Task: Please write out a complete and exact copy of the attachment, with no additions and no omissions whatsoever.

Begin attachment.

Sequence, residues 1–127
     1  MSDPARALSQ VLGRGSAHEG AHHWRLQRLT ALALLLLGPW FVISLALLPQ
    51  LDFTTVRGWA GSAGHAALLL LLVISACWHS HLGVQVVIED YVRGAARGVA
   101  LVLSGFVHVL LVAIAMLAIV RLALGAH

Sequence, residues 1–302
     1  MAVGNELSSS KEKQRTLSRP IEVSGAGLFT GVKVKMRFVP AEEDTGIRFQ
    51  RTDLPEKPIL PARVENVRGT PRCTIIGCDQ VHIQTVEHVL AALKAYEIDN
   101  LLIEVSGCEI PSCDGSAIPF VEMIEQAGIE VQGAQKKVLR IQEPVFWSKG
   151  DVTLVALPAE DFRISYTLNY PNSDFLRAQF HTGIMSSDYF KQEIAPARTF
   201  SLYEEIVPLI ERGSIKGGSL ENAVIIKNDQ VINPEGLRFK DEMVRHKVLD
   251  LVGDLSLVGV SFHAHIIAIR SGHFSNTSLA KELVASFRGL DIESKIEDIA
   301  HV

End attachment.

Sequence, residues 1–127
     1  MSDPARALSQ VLGRGSAHEG AHHWRLQRLT ALALLLLGPW FVISLALLPQ
    51  LDFTTVRGWA GSAGHAALLL LLVISACWHS HLGVQVVIED YVRGAARGVA
   101  LVLSGFVHVL LVAIAMLAIV RLALGAH

Sequence, residues 1–302
     1  MAVGNELSSS KEKQRTLSRP IEVSGAGLFT GVKVKMRFVP AEEDTGIRFQ
    51  RTDLPEKPIL PARVENVRGT PRCTIIGCDQ VHIQTVEHVL AALKAYEIDN
   101  LLIEVSGCEI PSCDGSAIPF VEMIEQAGIE VQGAQKKVLR IQEPVFWSKG
   151  DVTLVALPAE DFRISYTLNY PNSDFLRAQF HTGIMSSDYF KQEIAPARTF
   201  SLYEEIVPLI ERGSIKGGSL ENAVIIKNDQ VINPEGLRFK DEMVRHKVLD
   251  LVGDLSLVGV SFHAHIIAIR SGHFSNTSLA KELVASFRGL DIESKIEDIA
   301  HV